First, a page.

February 13, 2019

I or Me? A Simple Test to Get It Right


Save the Bunnies!
© Barbara V. Evers, All rights reserved.
I have a pet peeve related to grammar.

Ok, ok, I have several.  BUT...

I want to address one that I see daily on social media and in email messages.

It's driving me crazy.

(And every time you do it, a bunny rabbit dies.)

When referring to you and someone else in a sentence, please make sure you use the correct pronoun (me or I) for you.

Lately, I've seen people use "I" when they should use "me" and vice versa. Every instance cranks me a little closer to crazy...and a bunny rabbit dies.

I'm kidding, but it does bug me.

Ok, so how do you know which pronoun to use?  I could put this in grammar terms (subject or object of the verb), but I find most people do better with a simple test. Next time you're faced with the question of which pronoun to use, do the following:

Drop the other person out of the statement and notice which word works. That's the one you use.

For example, look at these two sentences:


  • Joe is taking Janie and me to the movies.
  • Joe is taking Janie and I to the movies.


Now let's run the test:

  • Joe is taking me to the movies.
  • Joe is taking I to the movies.


We say, "Joe is taking me to the movies," so when we add Janie to the mix, we still use "me."

Here's another example:

  • Janie and I are going to the movies.
  • Janie and me are going to the movies.


The test:

  • I'm going to the movies.
  • Me am going to the movies.


Ouch! This one is painfully obvious. You would never say, "Me am..."  So the correct phrasing uses "I."

If you'll take a moment to check this before you press send or post something on social media, you'll help me stay sane a little longer.  (And a bunny rabbit doesn't have to die.)

That's all it takes, just a second or two.


Please. I'm begging you.


February 5, 2019

Improving Your Writing: Generic Words Begone!


Our director, Aaron, hard at work.
Check us out on the screen behind him.
Yesterday, I sat in front of a camera for five hours filming an e-learning course.

As I wrapped up one of the modules, I tried to state a simple and articulate closing to the lesson. I ended up saying:

"Although it may look complicated, this will make your spreadsheets more effective."

Not one of more shining moments.

I laughed after making this statement and said, "Yeah, we need to redo that one."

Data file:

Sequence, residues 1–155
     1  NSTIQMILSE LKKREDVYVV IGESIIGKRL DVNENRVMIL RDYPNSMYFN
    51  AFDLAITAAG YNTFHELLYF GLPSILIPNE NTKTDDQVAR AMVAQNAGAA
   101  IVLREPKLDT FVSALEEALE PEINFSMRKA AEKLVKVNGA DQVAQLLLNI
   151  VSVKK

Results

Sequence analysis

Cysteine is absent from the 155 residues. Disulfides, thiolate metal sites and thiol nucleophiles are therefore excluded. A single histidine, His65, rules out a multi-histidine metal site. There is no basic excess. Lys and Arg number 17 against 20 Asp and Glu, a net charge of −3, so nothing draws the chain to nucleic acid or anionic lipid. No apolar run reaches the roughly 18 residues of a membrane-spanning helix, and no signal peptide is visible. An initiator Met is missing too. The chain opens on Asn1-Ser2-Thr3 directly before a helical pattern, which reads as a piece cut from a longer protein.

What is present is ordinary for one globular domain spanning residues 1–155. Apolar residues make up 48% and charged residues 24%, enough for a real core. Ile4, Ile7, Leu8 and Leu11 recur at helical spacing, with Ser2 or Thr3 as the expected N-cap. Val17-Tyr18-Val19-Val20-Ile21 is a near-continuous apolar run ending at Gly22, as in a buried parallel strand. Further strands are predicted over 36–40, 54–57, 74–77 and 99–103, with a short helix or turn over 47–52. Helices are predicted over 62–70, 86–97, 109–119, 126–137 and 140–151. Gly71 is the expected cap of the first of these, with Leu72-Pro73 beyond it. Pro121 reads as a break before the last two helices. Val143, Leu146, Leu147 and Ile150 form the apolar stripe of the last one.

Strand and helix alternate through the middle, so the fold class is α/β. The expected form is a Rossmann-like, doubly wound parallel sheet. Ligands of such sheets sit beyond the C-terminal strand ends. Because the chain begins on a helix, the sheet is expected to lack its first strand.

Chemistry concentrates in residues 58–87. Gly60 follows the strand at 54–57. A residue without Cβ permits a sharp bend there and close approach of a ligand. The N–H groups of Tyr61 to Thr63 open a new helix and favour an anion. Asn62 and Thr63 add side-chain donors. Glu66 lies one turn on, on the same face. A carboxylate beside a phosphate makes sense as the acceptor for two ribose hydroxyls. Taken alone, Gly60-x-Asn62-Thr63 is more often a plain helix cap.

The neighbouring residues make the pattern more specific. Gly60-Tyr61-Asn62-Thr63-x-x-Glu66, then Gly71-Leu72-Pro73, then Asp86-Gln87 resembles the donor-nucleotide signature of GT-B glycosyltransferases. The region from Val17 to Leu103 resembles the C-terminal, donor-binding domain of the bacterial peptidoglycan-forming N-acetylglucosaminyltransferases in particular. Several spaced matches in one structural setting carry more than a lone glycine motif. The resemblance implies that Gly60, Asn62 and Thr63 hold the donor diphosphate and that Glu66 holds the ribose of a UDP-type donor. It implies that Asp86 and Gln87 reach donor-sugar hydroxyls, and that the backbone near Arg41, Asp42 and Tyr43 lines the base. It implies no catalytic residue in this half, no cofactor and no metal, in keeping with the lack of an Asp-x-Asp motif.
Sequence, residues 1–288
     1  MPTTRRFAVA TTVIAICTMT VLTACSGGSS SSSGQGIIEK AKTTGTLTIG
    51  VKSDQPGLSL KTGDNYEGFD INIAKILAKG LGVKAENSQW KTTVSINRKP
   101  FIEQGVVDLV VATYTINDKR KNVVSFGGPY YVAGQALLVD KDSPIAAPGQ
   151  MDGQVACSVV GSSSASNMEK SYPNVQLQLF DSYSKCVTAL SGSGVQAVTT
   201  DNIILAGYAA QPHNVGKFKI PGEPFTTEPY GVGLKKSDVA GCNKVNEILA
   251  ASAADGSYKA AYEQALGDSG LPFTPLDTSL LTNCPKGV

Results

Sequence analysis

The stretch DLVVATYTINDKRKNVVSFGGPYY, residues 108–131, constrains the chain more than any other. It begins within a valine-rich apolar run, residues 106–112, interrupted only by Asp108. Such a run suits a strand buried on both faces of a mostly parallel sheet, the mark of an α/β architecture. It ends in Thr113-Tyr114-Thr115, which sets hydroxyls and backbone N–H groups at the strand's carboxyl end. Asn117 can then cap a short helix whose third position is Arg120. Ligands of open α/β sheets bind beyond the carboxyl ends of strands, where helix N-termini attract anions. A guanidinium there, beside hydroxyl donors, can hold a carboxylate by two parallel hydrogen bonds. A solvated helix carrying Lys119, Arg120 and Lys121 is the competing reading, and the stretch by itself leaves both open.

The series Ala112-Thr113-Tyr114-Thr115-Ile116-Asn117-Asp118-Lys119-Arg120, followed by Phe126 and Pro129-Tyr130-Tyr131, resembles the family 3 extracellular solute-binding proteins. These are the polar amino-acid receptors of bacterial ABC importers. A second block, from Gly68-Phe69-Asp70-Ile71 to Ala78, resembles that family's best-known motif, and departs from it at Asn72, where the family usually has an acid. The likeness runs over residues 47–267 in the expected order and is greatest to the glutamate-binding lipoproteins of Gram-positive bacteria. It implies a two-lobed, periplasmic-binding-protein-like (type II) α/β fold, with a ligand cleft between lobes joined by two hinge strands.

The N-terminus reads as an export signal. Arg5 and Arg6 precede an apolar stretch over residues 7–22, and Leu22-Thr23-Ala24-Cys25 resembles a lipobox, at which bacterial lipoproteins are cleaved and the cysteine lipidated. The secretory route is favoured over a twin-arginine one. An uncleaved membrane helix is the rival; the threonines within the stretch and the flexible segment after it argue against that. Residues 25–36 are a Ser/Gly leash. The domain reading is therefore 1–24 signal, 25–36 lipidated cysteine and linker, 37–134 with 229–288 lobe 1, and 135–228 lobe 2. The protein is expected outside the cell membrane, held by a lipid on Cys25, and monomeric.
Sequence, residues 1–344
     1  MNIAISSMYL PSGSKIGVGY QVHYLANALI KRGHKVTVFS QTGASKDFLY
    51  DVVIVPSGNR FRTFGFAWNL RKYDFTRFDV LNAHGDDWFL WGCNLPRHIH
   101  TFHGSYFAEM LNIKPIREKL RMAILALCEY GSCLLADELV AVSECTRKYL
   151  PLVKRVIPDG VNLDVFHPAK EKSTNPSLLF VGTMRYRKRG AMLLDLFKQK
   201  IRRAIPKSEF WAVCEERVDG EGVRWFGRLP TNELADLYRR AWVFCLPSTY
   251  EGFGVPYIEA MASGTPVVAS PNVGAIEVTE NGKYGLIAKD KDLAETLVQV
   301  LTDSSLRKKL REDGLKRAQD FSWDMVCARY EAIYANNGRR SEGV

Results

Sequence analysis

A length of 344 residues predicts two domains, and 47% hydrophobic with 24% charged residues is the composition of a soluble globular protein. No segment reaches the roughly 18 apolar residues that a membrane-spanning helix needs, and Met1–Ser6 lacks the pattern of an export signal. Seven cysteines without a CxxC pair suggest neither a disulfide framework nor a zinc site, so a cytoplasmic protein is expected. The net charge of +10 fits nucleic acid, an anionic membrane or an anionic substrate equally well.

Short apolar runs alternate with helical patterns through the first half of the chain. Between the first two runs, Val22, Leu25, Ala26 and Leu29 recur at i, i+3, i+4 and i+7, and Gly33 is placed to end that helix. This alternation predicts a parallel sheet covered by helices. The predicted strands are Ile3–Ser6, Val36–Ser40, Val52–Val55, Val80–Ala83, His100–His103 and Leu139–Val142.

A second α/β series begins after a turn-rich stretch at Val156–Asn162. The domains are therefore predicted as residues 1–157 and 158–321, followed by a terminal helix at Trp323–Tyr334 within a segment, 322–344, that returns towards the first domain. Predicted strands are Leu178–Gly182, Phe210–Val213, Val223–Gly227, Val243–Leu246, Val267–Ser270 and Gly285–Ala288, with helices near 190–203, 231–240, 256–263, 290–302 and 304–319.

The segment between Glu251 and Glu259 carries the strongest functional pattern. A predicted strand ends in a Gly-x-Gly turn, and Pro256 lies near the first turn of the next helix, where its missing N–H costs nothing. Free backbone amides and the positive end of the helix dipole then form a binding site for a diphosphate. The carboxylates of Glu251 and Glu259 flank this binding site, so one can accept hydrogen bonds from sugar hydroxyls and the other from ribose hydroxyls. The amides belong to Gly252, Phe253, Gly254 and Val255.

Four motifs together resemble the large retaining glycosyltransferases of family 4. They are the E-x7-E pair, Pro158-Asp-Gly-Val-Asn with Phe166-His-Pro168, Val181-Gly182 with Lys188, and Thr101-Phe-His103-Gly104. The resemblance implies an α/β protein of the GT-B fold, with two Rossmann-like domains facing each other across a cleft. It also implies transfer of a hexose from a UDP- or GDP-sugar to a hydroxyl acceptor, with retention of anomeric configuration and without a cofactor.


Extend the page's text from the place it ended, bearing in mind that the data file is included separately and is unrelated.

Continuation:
As I tried to shake off the chuckles, we bandied about useless statements:


  • This will help you with this and that.
  • It's an amazing something.
  • I really love working with this and you'll love it, too.


After we got the sillies out of our system, I did another take:


"Although Index-Match-Match looks complicated, the combination is easy to use once you get the hang of it. And it's a more effective tool than VLookup for evaluating large amounts of data."


Do you see the difference between my two statements?

If you're not familiar with Excel functions, you might not understand what I'm saying in the second one but anyone watching this training video will understand.  The first statement can create confusion in everyone, including those who have watched this course.

Why is the second statement better?

It's specific.

Non-specific, or generic, wording can leave your audience feeling cheated or confused.

This applies to writing, too. Some of the words you want to analyze closely to ensure they can't be replaced with a clear and specific term include:


  • it
  • this
  • that
  • these
  • those


Why does using specific instead of generic words matter?

Notice in my first example, I used "it" and "this." When we speak, we use these words a lot. Most of the time people understand what we're referring to. When you write, or in yesterday's case teach, your language needs to be specific. We do not want any confusion from the reader or listener about what "it" refers to.

Notice "it" does occur twice in my revised statement. You can use words like "it" as long as the reader can understand what "it" refers to.

From the trenches of reality, I provide this suggestion for improving your writing:  search your document for occurrences of generic words. You can start with the list above, but there are plenty of other generic words to track in your writing. For example: